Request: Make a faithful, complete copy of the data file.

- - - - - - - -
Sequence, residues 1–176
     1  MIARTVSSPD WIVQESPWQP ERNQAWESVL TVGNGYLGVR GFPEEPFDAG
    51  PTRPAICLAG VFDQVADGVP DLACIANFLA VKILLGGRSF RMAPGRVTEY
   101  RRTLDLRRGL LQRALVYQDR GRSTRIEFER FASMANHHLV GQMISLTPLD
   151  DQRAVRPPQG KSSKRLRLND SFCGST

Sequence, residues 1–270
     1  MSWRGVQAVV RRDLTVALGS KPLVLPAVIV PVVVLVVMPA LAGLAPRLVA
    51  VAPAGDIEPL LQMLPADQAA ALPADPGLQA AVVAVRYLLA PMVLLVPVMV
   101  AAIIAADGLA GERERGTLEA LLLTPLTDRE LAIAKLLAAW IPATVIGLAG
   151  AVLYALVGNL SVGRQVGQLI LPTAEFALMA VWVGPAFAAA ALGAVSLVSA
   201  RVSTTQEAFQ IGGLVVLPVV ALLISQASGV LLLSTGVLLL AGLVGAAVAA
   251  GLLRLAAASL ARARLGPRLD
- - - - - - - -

Sequence, residues 1–176
     1  MIARTVSSPD WIVQESPWQP ERNQAWESVL TVGNGYLGVR GFPEEPFDAG
    51  PTRPAICLAG VFDQVADGVP DLACIANFLA VKILLGGRSF RMAPGRVTEY
   101  RRTLDLRRGL LQRALVYQDR GRSTRIEFER FASMANHHLV GQMISLTPLD
   151  DQRAVRPPQG KSSKRLRLND SFCGST

Sequence, residues 1–270
     1  MSWRGVQAVV RRDLTVALGS KPLVLPAVIV PVVVLVVMPA LAGLAPRLVA
    51  VAPAGDIEPL LQMLPADQAA ALPADPGLQA AVVAVRYLLA PMVLLVPVMV
   101  AAIIAADGLA GERERGTLEA LLLTPLTDRE LAIAKLLAAW IPATVIGLAG
   151  AVLYALVGNL SVGRQVGQLI LPTAEFALMA VWVGPAFAAA ALGAVSLVSA
   201  RVSTTQEAFQ IGGLVVLPVV ALLISQASGV LLLSTGVLLL AGLVGAAVAA
   251  GLLRLAAASL ARARLGPRLD